Courtesy Hewlett-Packard
The real creative force behind the ad series is the actor who came up with the idea — and he isn't an actor at all. Francois Vogel is a French director.
updated 8/2/2005 6:07:07 PM ET 2005-08-02T22:07:07

You probably wouldn’t recognize him on the street, but by now you have surely seen what the man can do with his own portrait.

In Hewlett-Packard’s latest commercial, an unknown actor creates a collage of self-portraits out of thin air with a simple twist of a frame. The commercial features a catchy tune, special effects and his anonymous face. All that comes together to create an ad people actually stop to watch. 

Steve Simpson and his team at Goodby, Silverstein and Partners made sure the new ad took that visual trickery to the next level. But the real creative force behind the ad was the actor who came up with the idea — the actor who wasn’t really an actor at all. His name is Francois Vogel and he's a French director.

“Most directors I wouldn't recommend putting them on camera. They’d be overbearing beasts,” says advertising Creative Director Steve Simpson.

But Vogel was an exception. Last year, he put himself in the test ad merely to demonstrate his idea. Then the creative team loved it — not just the ad, but the actor as well.

“The agency starts asking me, 'We think it would be nice that if you could do the actor and do exactly what you did on the test.' First, I thought they were joking,” Vogel says.

That first finished ad became a big success for Hewlett-Packard. It was so big, they used the same concept in all of their ads last year using the same technique for a different campaign.

Filming the new commercial was the easy part. It involved just Vogel and two empty frames.  The difficulty was in nailing the performance.

Vogel choreographed his routine in order to capture multiple images within each frame. 

“I have to adjust one frame to the other and if it’s not exactly perfect then you can’t do the trick,” Vogel says.

When the ad was first shot, Vogel was watching the monitor to make sure his movements were right — which of course caused his eye-line to be off. So the ad had to be shot again, and again, and again. His facial expressions had to be just right. The timing of when the frame was directly in front of his face had to be perfect. And he had to do it in one long, continuous take.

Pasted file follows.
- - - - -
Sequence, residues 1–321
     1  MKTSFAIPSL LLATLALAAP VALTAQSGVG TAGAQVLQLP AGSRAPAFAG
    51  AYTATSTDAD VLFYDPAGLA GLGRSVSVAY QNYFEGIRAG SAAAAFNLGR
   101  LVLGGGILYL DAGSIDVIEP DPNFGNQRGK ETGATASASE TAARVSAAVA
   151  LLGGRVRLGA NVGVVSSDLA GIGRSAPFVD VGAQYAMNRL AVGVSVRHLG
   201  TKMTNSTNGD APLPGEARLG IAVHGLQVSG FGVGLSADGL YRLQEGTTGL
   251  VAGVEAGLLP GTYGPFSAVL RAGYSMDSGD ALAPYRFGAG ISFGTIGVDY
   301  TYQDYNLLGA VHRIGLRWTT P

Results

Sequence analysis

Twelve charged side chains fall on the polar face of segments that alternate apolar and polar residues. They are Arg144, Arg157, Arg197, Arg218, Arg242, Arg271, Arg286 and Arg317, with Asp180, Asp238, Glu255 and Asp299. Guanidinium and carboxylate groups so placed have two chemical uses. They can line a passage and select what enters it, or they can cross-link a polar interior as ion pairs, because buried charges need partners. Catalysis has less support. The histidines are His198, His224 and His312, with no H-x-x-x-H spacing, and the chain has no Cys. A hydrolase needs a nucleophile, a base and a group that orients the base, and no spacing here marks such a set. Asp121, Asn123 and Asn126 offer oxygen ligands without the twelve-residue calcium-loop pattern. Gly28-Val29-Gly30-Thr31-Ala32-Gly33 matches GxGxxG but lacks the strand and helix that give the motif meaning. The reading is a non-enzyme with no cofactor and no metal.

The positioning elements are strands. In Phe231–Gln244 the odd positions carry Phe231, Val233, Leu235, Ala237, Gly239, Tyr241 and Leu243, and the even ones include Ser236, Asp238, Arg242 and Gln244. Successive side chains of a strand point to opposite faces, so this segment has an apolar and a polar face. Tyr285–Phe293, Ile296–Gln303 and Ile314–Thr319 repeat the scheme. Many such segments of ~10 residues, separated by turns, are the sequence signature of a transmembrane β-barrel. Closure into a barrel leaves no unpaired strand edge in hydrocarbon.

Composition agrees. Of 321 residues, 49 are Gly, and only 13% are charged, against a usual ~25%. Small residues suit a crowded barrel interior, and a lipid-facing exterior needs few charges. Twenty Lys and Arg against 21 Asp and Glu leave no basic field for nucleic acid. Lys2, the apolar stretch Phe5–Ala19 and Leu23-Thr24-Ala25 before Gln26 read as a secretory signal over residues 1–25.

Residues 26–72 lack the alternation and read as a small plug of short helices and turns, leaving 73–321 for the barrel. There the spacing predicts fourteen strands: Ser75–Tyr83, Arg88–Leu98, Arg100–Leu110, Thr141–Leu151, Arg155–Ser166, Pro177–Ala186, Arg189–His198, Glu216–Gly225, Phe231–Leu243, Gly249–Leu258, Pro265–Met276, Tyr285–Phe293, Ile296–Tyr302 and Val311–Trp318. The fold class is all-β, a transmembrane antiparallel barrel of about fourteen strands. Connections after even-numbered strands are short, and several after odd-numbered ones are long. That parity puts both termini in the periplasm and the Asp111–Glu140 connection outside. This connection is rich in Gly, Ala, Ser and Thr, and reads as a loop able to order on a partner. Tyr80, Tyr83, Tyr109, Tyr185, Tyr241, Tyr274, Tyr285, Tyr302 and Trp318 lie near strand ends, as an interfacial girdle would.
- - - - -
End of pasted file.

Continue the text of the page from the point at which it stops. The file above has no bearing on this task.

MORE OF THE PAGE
On the 37th take, Vogel nailed it.

Then the raw footage went to Chris Jones at Zoic Studios. Jones isolated the bits inside the picture frame, and froze them at just the right moment. 

“You basically select the corners of the frame and tell the computer you want the image to always remain locked to these four points,” Jones explains. “He lifts up the frame and at the chosen moment we freeze that picture within the frame and then carry on or track that frozen image into the white bordered frame. It’s simply doing that over and over again, using the original layer as the base for the next layer.”

The frozen images remain electronically attached to those white edges, so that when Vogel moves the frame, the images move with it. 

Finally, to make it look like it really is a bunch of snapshots, Jones adds motion blurs, reflections and color variations.

“It’s one of those things that the more you watch it, the more you find yourself asking what’s that all about. How did they do that?” Jones says.

For HP, the special effect provides 30 seconds of mesmerizing simplicity that its creators hope will make you stop in your tracks and watch. 

“This is one of the spots that people stop and rewind Tivo for. And that’s a great accomplishment. It’s Tivo-proof,” Simpson says.


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